The Hon’ble Apex Court particularly has laid down that non-pecuniary damages cannot be quantified but must be taken into account while providing damages.
In a motor accident, the appellant sustained fractures on both the legs, thereby suffering permanent disability to some extent. The Hon’ble Supreme Court held that:
“where the claimant suffers permanent disability as a result of injuries, the assessment of compensation under the head of loss of future earnings would depend upon the effect and impact of such permanent disability on his earning capacity. The Tribunal should not mechanically apply the percentage of permanent disability as the percentage of economic loss or loss of earning capacity. In most of the cases, the percentage of economic loss, that is, the percentage of loss of earning capacity, arising from a permanent disability will be different from the percentage of permanent disability. Some Tribunals wrongly assume that in all cases, a particular extent (percentage) of permanent disability would result in a corresponding loss of earning capacity, and consequently, if the evidence produced show 45% as the permanent disability, will hold that there is 45% loss of future earning capacity. In most of the cases, equating the extent (percentage) of loss of earning capacity to the extent (percentage) of permanent disability will result in the award of either too low or too high a compensation.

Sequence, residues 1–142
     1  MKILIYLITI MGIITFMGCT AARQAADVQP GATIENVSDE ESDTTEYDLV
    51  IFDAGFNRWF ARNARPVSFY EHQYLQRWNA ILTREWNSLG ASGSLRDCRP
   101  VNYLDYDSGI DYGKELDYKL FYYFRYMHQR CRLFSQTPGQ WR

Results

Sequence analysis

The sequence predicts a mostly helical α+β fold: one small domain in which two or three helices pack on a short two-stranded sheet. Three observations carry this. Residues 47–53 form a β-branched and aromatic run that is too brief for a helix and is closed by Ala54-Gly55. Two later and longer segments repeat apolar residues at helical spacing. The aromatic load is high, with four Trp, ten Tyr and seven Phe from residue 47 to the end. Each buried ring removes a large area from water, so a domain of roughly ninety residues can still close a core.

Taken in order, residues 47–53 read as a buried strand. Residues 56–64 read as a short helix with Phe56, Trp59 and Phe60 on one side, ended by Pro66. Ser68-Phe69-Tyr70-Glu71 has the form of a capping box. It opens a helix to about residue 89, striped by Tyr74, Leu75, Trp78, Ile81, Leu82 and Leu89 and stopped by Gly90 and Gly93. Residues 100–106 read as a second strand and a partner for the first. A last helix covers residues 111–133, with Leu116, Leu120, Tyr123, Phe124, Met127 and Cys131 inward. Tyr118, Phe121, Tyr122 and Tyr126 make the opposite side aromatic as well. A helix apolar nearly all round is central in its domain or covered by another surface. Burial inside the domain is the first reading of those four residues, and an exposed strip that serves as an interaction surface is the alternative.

What requires to be assessed by the Tribunal is the effect of the permanent disability on the earning capacity of the injured; and after assessing the loss of earning capacity in terms of a percentage of the income, it has to be quantified in terms of money, to arrive at the future loss of earnings (by applying the standard multiplier method used to determine loss of dependency). We may however note that in some cases, on appreciation of evidence and assessment, the Tribunal may find that the percentage of loss of earning capacity as a result of the permanent disability, is approximately the same as the percentage of permanent disability in which case, of course, the Tribunal will adopt the said percentage for determination of compensation.”
The Hon’ble Court was of the view that the award must reflect that the different circumstances have been taken into consideration. In the instant appeal, the award doesn’t reflect any of the above-mentioned criterions.
5. Ankur Kapoor Thr. Gpa vs Oriental Insurance Company Ltd., CIVIL APPEAL NO.17998 of 2017(Arising from SLP (C) No.4841/2016)
The Appellant had met with an accident in 2000 and had sustained grievous injuries on his right arm which resulted in permanent disability to the extent of 50% The Hon’ble Supreme court stated
“He was just 22 years of age at the time of the accident and was unmarried. It is unfortunate that he had to suffer at this young age when he was thinking of his bright future life. Having regard to the material on record, we award Rs.3, 00,000/-(Rupees Three Lacs only) towards pain, agony and trauma as a consequence of injuries, and Rs.3,00,000/-(Rupees Three Lacs only) towards loss of amenities(including loss of prospects of marriage) and Rs.3,00,000/-(Rupees Three Lacs only) towards loss of expectation of life.”
The compensation was increased from Rs 8,80,000/- to Rs 22,00,000/-